Bubbles burst in the hospital
Apr 17, 2009
Having an operation in hospital is no fun and you certainly don’t want to catch a bug while under the knife. That is why one of the most critical tasks faced by medical staff is to ensure that equipment used in surgery is always completely free of contaminants. Although the cleaning process, which involves using ultrasonic waves, has been honed over many years, the means for testing its effectiveness has remained fairly primitive.
Ultrasonic cleaning involves immersing surgical instruments in a disinfecting liquid and firing high frequency acoustic waves through the mix, which causes tiny bubbles in the liquid to implode – a phenomenon known as cavitation. The force created when these bubbles collapse is enough to remove contaminants on the surface of the surrounding material. Given that each implosion leads to new bubbles, and that there are over 200, 000 sites in one teaspoon of water where bubbles can emerge, cavitation is believed to provide a very effective mechanism for cleansing.
However, there are no established means of quantifying cavitation, and so the alternative is to measure the usefulness of bubble collapse indirectly. The favoured means at present is to simply dunk a sheet of aluminium foil into the liquid and observe the number of “dents” caused by bubble implosions. The major limitations with this approach are that is it only qualitative, and that it lacks repeatability: it cannot reliably resolve the “hot and cold” regions where cavitation (and hence cleaning activity) varies within the liquid.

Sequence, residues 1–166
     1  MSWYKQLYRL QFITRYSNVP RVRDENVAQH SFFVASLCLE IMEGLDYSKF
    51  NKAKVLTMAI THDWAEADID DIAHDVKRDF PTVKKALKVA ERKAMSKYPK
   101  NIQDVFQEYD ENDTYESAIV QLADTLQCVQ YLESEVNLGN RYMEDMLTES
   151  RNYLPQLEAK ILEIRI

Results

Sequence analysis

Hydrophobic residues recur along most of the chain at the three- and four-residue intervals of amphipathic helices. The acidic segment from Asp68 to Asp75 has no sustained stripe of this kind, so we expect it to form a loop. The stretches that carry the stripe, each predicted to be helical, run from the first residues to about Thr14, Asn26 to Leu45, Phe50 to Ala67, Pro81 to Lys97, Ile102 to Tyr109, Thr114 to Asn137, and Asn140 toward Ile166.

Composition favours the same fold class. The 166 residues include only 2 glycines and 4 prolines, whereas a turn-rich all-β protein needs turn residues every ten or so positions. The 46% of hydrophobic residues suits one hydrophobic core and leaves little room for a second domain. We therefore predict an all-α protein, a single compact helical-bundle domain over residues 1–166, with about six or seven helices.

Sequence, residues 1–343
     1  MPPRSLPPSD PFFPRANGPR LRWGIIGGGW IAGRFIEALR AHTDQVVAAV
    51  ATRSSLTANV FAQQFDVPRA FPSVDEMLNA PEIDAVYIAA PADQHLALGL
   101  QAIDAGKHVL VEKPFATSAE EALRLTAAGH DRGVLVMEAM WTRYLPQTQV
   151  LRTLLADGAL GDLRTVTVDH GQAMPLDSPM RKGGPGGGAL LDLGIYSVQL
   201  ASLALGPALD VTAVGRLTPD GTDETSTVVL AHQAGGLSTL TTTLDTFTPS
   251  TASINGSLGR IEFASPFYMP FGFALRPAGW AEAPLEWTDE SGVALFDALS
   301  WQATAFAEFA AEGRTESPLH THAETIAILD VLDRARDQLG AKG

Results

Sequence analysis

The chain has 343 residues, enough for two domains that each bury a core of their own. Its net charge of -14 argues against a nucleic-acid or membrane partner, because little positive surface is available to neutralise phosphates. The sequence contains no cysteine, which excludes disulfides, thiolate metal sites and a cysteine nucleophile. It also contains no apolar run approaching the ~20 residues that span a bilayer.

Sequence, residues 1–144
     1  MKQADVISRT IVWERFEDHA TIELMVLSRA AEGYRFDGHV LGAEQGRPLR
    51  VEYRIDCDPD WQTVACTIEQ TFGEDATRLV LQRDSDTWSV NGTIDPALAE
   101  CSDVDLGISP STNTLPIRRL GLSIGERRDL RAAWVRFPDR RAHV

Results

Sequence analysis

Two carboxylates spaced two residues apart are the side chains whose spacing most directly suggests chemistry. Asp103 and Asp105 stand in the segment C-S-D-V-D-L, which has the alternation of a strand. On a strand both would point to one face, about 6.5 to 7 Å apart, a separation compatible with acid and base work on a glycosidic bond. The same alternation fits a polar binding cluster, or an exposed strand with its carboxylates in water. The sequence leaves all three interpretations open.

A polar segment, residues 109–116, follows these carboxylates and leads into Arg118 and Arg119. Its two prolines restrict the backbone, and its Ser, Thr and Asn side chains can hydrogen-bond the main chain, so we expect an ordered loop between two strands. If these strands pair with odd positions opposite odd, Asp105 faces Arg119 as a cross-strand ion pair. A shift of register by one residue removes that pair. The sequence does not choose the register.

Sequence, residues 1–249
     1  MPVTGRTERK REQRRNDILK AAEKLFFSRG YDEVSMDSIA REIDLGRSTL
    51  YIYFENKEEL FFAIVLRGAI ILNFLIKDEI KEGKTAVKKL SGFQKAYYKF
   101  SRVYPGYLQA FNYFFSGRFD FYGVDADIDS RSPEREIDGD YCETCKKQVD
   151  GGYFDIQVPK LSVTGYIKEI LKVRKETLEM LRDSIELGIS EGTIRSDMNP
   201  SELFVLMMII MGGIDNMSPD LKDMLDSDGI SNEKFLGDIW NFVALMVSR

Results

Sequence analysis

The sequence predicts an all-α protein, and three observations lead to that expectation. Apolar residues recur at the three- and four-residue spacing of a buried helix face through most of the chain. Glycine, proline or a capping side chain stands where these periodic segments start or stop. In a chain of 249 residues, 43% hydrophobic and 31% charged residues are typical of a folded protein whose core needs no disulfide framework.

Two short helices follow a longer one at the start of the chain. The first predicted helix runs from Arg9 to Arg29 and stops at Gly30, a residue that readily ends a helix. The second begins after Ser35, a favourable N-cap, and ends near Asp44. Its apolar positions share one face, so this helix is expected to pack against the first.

To overcome these limitations, and to provide a quantitative measure, researchers at the National Physical Laboratory (NPL) in the UK have developed a sensor that can monitor the amount of cavitation produced in cleaning vessels. The sensors, which are hollow cylinders fabricated from a thin layer of piezoelectric material sandwiched between special absorbers, are designed to sit in the liquid and record the spatially-variant, high-frequency “noise” of bubble implosions.
“Occasionally, there are cases where medical facilities can become contaminated but it can be very difficult to trace the source. This device, and the capability it provides is a step in the right direction to improve the application of ultrasonic cleaning,” says Mark Hodnett, one of the researchers at NPL.
The team now plan to conduct further trials and will launch a new reference facility for acoustic cavitation at NPL within the next few months. “We’ve already sold half a dozen devices to ultrasonic equipment manufacturers that supply hospitals, and we’re now looking to get the product fully commercialized,” adds Hodnett.
About the author
James Dacey is a reporter for physicsworld.com